I'm not saying that I think showing a pair of fit legs that might support an unrealistic or unattainable beauty standard is the right way to advertise, but ripping on those who take a job modeling for these companies is just as bad. I think most of us agree that we would like to see fewer ads that objectify people. Ideally, nobody would be objectified, but criticizing those who already are or might be isn't the answer.

In the case I'm referring to, people joined in the conversation and further mocked models for wearing what they were wearing, looking a certain way, and supposedly choosing to workout in a gym over being outside. Again, a model's job is to help sell the products they are promoting. If, in their own time, they want to dance, do yoga, go to the gym, or run 100 miles in the hills of California wearing what the fuck ever, it's nobody's fucking business. How in the hell is bashing these people supporting a culture in which we don't objectify others? Jesus.

I am fully behind people wanting to raise awareness when it comes to the potential harm that comes with objectifying women. I just don't see making far-fetched assumptions about models as the answer. I really thought we had come further than this. It's sad that with all the information out there, this is how people choose to supposedly address the issue. Bullying, even when it comes to strangers online, will never be my idea of promoting body positivity. God, it's just so disappointing what people do on social media.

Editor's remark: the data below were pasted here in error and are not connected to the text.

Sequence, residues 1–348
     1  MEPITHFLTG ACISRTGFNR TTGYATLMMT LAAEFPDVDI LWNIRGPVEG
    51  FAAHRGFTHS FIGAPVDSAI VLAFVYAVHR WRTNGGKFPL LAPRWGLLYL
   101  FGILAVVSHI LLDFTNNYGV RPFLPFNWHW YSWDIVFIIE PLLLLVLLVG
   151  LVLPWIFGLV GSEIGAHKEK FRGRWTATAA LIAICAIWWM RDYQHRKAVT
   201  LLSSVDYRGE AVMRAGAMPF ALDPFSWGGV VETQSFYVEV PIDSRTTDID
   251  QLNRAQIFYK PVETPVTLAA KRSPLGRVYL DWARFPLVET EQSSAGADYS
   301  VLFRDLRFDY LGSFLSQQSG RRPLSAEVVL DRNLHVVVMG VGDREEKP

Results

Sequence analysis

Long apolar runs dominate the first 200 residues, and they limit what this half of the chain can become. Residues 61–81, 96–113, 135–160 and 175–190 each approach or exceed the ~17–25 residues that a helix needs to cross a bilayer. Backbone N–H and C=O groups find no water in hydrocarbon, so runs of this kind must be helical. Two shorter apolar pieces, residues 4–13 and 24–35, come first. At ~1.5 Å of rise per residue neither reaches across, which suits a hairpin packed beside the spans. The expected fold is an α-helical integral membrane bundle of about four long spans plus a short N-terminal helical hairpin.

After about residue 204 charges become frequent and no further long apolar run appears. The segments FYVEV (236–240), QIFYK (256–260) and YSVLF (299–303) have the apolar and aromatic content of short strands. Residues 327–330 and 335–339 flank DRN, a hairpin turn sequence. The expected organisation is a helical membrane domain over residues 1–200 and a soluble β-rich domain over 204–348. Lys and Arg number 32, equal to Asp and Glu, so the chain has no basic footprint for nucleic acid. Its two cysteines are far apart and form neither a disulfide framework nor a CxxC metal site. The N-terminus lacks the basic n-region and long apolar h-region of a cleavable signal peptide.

4 comments:

  1. I found the relevant thread and am far dumber for having scanned the comments. One of them wrote:

    "It is demeaning enough to judge women solely on appearance, but then to flay them into body parts - but face, breasts, legs, eyes, hair, our, lips, etc is is totally dehumanizing."

    Those are HUMAN FEATURES. How the inclusion of those is DE-HUMANIZING is obviously beyond my feeble powers of comprehension.

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    Replies
    1. Right. It's dehumanizing to show body parts, but it's totally OK to mock whoever those parts belong to.

      It's gross behavior, and it's weird to see people get excited about ripping on an imagined person after just complaining about how this poor person was objectified.

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    2. I would avoid that entire timeline. It is to mental-health and body-positivity themes what Insane Clown Posse concert-goers are to live music enthusiasts. Just a massive outpouring of blind, aggrieved noises and blame.

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    3. True. It's interesting to see how a post about not comparing bodies and wasting time on doing so devolved into a post about comparing body parts, athletic achievements, and looks. If nothing else, it gives me fodder for my blog.

      This is exactly what I want to warn people about. That kind of environment is extremely toxic and unhealthy, and sometimes people who are struggling will fall into the trap of believing those who put themselves in a position of leadership. I want others to know that even people who call themselves professionals can be full of shit, and it's OK to question what someone promotes.